Academics do a lot of research. The pressure to perform research in order to earn tenure generates, by some estimates, about 1.5 million new articles a year.

Some scholars have critiqued the quality of this research, pointing out that only 45 percent of the articles published in top journals are cited within the first five years after publication, but scholars are supposed to build on existing knowledge and use that to develop their own thinking.

Except it turns out that most of the cited research probably isn’t read. In fact, most of the research academics actually cite in their own papers they likely haven’t looked at.

That’s according to a paper by scholars at University of California, Los Angeles indicating that some 80 percent of authors include citations to articles they probably haven’t read. As the paper explains:

We report a method for estimating what percentage of people who cited a paper had actually read it. The method is based on a stochastic modeling of the citation process that explains empirical studies of misprint distributions in citations. Our estimate is that only about 20% of citers read the original.

The researchers apparently estimate this based on repeated misprints. In other words, if my references repeat misprints used in a study published earlier, it’s likely I haven’t actually read the study I’m misprinting but, rather, just copied the earlier study’s references.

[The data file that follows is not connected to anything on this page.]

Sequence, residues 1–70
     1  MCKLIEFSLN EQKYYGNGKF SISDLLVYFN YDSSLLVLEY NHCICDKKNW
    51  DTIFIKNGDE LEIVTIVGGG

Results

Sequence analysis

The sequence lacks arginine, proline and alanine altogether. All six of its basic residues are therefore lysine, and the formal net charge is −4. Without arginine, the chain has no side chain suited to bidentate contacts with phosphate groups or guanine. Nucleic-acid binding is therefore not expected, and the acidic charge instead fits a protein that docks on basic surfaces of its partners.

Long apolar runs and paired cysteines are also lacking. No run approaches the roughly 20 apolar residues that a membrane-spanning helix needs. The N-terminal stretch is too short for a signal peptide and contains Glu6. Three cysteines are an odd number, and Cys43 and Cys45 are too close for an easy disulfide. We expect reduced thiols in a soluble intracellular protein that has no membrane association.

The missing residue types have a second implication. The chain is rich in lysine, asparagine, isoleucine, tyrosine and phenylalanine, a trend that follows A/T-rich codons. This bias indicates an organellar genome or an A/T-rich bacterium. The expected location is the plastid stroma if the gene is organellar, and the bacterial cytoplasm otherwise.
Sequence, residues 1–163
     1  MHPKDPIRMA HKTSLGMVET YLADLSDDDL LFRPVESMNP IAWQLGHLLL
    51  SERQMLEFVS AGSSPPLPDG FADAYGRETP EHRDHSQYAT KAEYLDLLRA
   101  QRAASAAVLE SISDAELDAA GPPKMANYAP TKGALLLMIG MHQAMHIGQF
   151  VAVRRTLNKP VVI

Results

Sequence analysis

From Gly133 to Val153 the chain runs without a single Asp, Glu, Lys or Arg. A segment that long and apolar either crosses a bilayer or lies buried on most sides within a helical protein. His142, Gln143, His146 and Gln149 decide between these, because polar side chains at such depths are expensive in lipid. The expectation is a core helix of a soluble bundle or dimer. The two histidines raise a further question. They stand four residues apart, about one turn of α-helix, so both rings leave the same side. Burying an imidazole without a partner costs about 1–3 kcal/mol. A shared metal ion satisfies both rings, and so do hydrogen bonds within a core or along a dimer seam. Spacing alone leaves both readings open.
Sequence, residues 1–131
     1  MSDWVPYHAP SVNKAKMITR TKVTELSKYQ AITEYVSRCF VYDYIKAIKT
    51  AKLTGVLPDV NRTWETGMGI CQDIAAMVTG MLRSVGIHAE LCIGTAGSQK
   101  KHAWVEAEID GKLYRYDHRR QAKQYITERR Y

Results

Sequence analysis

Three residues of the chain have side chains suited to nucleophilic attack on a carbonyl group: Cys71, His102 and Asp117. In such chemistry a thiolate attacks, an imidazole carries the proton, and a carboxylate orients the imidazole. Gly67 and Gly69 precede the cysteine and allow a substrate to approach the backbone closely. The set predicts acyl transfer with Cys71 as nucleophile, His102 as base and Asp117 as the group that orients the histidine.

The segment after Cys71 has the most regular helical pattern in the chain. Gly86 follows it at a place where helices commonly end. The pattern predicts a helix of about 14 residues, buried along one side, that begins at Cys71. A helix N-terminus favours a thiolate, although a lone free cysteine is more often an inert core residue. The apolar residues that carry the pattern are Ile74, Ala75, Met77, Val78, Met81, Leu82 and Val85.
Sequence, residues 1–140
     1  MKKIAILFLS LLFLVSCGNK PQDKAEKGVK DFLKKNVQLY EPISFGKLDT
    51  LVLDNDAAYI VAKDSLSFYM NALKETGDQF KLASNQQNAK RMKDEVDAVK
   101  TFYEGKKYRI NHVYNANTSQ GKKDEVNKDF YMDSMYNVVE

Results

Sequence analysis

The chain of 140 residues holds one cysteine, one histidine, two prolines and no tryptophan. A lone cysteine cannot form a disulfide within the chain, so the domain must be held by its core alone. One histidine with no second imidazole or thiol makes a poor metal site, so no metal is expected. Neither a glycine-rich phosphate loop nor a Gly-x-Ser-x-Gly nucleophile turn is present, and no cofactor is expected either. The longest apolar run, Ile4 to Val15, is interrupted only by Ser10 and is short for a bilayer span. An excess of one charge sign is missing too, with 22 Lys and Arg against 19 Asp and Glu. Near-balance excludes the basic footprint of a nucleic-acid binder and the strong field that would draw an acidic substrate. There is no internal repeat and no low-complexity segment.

All of this is not to say that researchers are straight-up dishonest (nowhere in an academic paper does it actually say, after all, “I certify and affirm that I have read and verified all information presented in paper and guarantee that the information is true and correct and that any documents I/we have provided with this study are genuine and that the information contained therein is also true and accurate”) but it is a little, well, disconcerting to think that there’s a possibility that most of the researchers out there are really just cutting and pasting other people’s papers, unread and unimportant, before they introduce their own material.

Disclaimer: I read the paper in question, “Read Before You Cite!” by M. V. Simkin and V. P. Roychowdhury published in Complex Systems, 14 (2003) 269-274, but it was only five pages long, and I basically skipped the equations on pgs. 272-73.

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Daniel Luzer is the news editor at Governing Magazine and former web editor of the Washington Monthly. Find him on Twitter: @Daniel_Luzer